The Cardinal Nation blog

Brian Walton's news and commentary on the St. Louis Cardinals (TM) and their minor league system

LockerDome is on the rise

The subject of LockerDome has been on my writing to-do list for some months. It was there for two reasons – one positive and the other less so.

The social media site is focused on bringing professional athletes together with fans, especially those in the 18-to-34 year-old male demographic that is so desirable to many advertisers.

LockerDome first caught my attention when I read back in March that Cardinals president Bill DeWitt III is among its investors. Perhaps that is not surprising since LockerDome’s co-founder and CEO is St. Louis native Gabe Lozano.

Outsiders, including other unnamed members of the Cardinals ownership group and members of the Milwaukee Brewers ownership team, are among those who have committed $8 million in venture capital to the privately-held firm.

LockerDome is very active on Twitter and Facebook, but in a way that I find subversive. You cannot do much on the site without letting LockerDome set hooks into your social media accounts. They sponsor regular drawings of signed items from players – an effective method to attract new eyeballs.

However, one very frustrating element is that when people enter the contests, they receive five to 10 times more entries if they allow LockerDome to hawk themselves through the entrant’s Facebook and Twitter accounts.

As a result, here is what happens when there is a Cardinals-focused drawing. Countless tweets – all the same, which tout the drawing – spam the #stlcards hashtag on Twitter. Ostensibly they were initiated by those entering the contests sharing how cool the drawing is, but they primarily spread the LockerDome gospel.

One current offer is for a Matt Carpenter-signed bat. Other recent promotions featured Jon Jay and David Freese.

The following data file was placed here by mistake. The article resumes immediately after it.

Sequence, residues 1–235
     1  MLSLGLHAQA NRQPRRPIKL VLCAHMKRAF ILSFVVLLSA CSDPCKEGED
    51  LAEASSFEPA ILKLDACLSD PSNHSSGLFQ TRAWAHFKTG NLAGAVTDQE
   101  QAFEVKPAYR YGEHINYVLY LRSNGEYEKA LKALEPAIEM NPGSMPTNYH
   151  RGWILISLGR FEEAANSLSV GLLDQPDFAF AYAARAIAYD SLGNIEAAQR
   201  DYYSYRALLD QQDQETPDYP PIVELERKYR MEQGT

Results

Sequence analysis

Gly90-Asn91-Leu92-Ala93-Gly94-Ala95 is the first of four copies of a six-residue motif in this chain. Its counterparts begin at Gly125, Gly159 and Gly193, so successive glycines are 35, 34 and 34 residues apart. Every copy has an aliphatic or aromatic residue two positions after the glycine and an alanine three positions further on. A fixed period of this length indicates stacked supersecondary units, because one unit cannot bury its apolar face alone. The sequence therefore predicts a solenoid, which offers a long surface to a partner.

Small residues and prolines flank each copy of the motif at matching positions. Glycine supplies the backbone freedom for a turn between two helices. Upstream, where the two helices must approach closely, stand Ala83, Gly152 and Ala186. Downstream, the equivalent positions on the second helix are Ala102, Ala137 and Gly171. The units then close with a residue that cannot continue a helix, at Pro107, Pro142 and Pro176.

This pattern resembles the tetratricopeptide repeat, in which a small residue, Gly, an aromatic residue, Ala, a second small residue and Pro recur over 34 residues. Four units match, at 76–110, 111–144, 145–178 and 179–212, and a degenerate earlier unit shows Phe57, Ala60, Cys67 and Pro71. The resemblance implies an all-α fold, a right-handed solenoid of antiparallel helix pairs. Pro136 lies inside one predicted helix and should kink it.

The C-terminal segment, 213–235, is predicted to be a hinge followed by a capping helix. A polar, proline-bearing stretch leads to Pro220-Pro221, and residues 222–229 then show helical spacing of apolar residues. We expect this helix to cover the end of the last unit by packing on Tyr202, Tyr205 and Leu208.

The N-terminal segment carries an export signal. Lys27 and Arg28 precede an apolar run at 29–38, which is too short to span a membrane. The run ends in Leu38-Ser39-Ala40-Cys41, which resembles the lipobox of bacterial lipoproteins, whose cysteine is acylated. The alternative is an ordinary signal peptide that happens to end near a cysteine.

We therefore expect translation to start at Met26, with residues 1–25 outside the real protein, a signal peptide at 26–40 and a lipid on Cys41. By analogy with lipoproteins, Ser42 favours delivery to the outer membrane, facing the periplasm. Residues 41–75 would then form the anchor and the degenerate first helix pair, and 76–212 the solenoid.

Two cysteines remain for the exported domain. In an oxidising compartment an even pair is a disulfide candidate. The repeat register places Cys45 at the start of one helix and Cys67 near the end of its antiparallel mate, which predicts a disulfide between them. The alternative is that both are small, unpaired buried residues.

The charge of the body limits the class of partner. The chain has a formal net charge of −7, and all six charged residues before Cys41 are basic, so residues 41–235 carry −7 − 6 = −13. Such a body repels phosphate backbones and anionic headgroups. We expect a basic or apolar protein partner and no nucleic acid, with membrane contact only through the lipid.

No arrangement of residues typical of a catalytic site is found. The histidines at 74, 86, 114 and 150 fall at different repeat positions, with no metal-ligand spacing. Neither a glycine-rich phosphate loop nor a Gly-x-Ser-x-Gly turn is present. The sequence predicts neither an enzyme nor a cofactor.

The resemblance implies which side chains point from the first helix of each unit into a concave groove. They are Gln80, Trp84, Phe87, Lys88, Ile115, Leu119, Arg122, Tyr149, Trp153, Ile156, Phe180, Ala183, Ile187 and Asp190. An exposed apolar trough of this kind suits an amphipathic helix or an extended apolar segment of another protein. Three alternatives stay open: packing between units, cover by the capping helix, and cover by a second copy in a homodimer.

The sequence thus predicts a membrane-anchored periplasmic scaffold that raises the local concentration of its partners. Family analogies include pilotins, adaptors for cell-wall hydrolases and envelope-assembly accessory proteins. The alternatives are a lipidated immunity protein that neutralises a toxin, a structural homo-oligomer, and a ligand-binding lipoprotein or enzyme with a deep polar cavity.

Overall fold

On Tuesday, Adweek ran a major profile article on LockerDome. It is worth reading if you are interested in learning more about a potential upcoming force in a changing media environment.

Follow me on Twitter.
Follow The Cardinal Nation Blog on Facebook.

Follow me

Brian Walton

Brian Walton runs The Cardinal Nation and The Cardinal Nation Blog, covering the St. Louis Cardinals and minor league system.
Follow me

7 Responses to “LockerDome is on the rise”

  1. blingboy says:

    A number of years back, before social media really took off I guess, I used to have to regularly divert somebody’s emails right to spam due to the annoying habit of sending or forwarding something they found interesting or funny to everyone in their address book. The main benefit of social media to me is that hardly anybody does that anymore. Scrolling through my spams now and then, I see some of them are still at it though, years later.

    I am on facebook but I don’t have any friends, I like it that way. I have had to auto divert all of those friend request and ‘do you know’ emails right to spam. I did go on recently to wish one of my brothers happy birthday. Somehow, that is probably getting my spam folder deluged.

    I don’t use twitter at all.

    I am 100% sure that lockerdome does not bring athletes together with fans in any sort of way I would be interested in.

  2. gabelozano says:

    @Brian – Thank you for the coverage of LockerDome as well as the constructive feedback; both are appreciated. Feel free to reach out to me anytime to discuss deeper the contests or any other topic – gabe [at] lockerdome [dot] com.

    • Brian Walton says:

      Gabe, thanks for stopping by. I hope you can strike a more optimal balance between repetitive self-promotion and the expected publicizing of a growing business. Good luck in the future.

    • Brian Walton says:

      P.S. I helped get out the word on the early drawings through The Cardinal Nation message board. After all, folks like to win good stuff. However, I stopped when the message escalation began.

      One simple and fast alternative would be to remove the #stlcards hashtag from your auto-generated tweets. That way, those who already follow your contest entrants would still see the tweets, but the rest of us would not be subjected to reading the same canned tweets over and over.

      I am sure you initially preferred the latter, but as you have probably seen, there has been quite a backlash against using Twitter for advertising. Granted, it is a fine line that may be on shifting sands.

Leave a Reply

You must be logged in to post a comment.